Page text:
Getting In The Groove

Topic 25160 | Page 1

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Hunter G.'s Comment
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I’m new with just a few months experience. I’ll come home after 5-6 week tours hauling reefer running recaps. When I get home I just feel exhausted and towards the end of a tour. Do you get used to this as time goes by or do you still get tired?

Reefer:

A refrigerated trailer.

LDRSHIP's Comment
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I’ve been driving for 2 1/2 years and I still am completely drained the first day home. You get used to it, but you spend so much time in Go mode, when you are able to relax it is such a big drain. At least for me it is.

Bruce K.'s Comment
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Definitely need to pace yourself. Everybody is different with what they can handle. When I first started I was so performance motivated, I over did it and could see that my pace was too much to sustain. So, I slowed down to a more moderate pace after only a couple of months. Not only do I feel better over all, but I still get as much done as when I was running around like there was no tomorrow. A typical comment that is made by students in training is: "I can't wait to get out there on my own and run the wheels off the truck". I think most soon learn that such a pace is not sustainable and can even be very unsafe.

Maybe if you are so exhausted by the end of your tour, you need to moderate your pace. Just a thought.

Splitter's Comment
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If you're running recaps then you're only driving 8.5 to 9.5 shifts. That's a bit more manageable than running full on like I used to. As close to 11 hrs everyday as possible at top speed (62 mph for company driver). I'd love to say that I'm used to it but I get drained when I have to flip my clock from days to nights. It all depends on the load but yeah, that 0400-0600 drive kills me. Today I had to take a 1 hour nap instead of a 30 minute break. Just couldn't shake the groggy feeling no matter what I ate or drank.

Donna M.'s Comment
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One thing u may be over looking is the importance of eating good. Junk food and such will make u much more exhausted. If u can handle protein drinks many drivers swear by them.

Pete B.'s Comment
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Hunter, you are putting your body through an incredible amount of mental and to some degree, physical stress, every day you drive. The reaction of being tired is natural. Consider everything you are mentally processing while you're driving: mirrors, gauges, what's in front of you, what's merging, work zones, weather, road conditions... the list has no end. Do you have a working radio in your truck? It's probably on, adding to the stimuli. A week ago I had a particularly grueling drive: 6-7 hours from PA down into KY, the entire time in the longest, hardest, driving rain I've ever experienced over such a long distance. Cars had been hydroplaning off the road like there was snow and ice covering it... upside-down pickup in the median... car in the woods... The next day my arms and shoulders were exhausted. It's not something you're going to 'get used to,' that is i'm not sure you'll build up a tolerance against, but you can put yourself in the best possible position to deal with it. How? SLEEP. Let me repeat: SLEEP.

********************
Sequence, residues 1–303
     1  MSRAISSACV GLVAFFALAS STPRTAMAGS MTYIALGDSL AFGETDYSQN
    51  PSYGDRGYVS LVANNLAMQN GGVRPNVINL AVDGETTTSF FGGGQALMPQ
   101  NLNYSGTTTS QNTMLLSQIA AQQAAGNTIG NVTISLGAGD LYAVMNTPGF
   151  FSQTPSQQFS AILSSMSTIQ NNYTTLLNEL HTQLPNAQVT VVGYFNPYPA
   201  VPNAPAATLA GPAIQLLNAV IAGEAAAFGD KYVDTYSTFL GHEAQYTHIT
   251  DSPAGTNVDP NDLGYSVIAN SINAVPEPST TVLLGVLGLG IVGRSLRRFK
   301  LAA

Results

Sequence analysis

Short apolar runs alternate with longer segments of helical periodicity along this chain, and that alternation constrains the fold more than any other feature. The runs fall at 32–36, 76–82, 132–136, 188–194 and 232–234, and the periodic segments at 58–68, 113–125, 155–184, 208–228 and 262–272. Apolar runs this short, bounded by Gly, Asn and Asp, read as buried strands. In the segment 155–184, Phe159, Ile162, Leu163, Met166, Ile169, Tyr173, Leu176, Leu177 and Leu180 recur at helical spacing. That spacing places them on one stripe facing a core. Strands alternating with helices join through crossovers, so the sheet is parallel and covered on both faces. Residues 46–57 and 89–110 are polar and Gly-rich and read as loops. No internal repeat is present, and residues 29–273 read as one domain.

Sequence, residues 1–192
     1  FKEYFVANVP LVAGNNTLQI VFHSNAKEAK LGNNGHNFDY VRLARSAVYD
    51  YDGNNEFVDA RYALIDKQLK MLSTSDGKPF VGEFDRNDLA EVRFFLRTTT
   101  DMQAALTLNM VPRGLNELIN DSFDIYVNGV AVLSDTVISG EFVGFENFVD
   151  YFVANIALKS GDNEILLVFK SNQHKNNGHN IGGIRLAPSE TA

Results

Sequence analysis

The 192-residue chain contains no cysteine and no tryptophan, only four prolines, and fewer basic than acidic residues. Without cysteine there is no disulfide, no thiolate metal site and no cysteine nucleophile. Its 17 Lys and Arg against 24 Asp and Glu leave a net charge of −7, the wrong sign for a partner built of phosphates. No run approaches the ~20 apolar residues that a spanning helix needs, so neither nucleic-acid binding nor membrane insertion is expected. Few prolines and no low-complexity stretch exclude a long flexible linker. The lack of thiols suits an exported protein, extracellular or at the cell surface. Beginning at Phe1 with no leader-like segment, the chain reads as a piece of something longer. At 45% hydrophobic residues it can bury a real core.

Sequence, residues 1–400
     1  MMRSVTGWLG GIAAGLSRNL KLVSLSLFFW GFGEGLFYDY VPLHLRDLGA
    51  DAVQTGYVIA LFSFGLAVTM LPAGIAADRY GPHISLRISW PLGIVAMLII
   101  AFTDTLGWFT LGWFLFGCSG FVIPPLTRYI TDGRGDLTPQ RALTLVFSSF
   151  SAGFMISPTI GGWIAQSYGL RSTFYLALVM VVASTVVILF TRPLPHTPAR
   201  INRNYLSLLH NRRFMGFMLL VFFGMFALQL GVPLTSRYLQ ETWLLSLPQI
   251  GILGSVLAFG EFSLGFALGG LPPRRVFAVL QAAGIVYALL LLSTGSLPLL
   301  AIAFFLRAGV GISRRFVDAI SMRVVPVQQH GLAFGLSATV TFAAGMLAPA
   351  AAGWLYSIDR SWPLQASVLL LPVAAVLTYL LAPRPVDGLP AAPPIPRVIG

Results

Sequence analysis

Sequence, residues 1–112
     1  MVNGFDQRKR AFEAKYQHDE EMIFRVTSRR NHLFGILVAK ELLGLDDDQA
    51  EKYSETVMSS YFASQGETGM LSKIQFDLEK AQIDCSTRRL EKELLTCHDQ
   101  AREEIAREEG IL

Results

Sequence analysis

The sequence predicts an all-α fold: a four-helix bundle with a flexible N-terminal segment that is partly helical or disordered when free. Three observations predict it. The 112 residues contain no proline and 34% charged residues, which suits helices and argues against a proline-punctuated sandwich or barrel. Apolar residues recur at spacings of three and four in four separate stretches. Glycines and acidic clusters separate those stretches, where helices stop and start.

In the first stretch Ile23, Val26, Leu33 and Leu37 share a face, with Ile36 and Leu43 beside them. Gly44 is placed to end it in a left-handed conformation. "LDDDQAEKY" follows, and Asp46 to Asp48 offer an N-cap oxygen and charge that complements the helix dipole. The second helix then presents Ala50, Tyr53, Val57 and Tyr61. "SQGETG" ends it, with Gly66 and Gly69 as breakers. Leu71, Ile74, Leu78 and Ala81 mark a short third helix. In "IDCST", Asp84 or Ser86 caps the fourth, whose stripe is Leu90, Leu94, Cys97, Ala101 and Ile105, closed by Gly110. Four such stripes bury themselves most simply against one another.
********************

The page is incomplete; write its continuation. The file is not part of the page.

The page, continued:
There are times when your 10-hr break is only 5 or 6; it happens, but it is rare. This 10-hr break is your opportunity to allow your body to recuperate, re-energize, recharge. Making that happen sometimes requires as much focus as driving in heavy rain or thick, fast-moving traffic. I read about drivers' toys constantly; everyone has a smartphone, laptop, or tablet. Many have tv's with direct tv or some satellite package. Then there are the gaming electronics. We all travel with an abundance of distractions, all of which can shorten your 10-hr break by several crucial hours. There's also hygiene and meals to consider. If you're showering during your 10 as well as eating dinner, the time you have left over to sleep becomes even less. Do you exercise during your 10? What about laundry? Who hasn't squeezed in a load during their 10? You sometimes have to focus, and it may take great effort, to just not give in to all that external stimuli and take care of what's absolutely necessary... food and hygiene, to give yourself enough time to get a good night's sleep. A full 8 hours. Nothing beats it. No amount of caffeine the next day trumps a good night's sleep. Do this regularly enough over a long period of time and I believe you'll find yourself less tired than what you are experiencing now.

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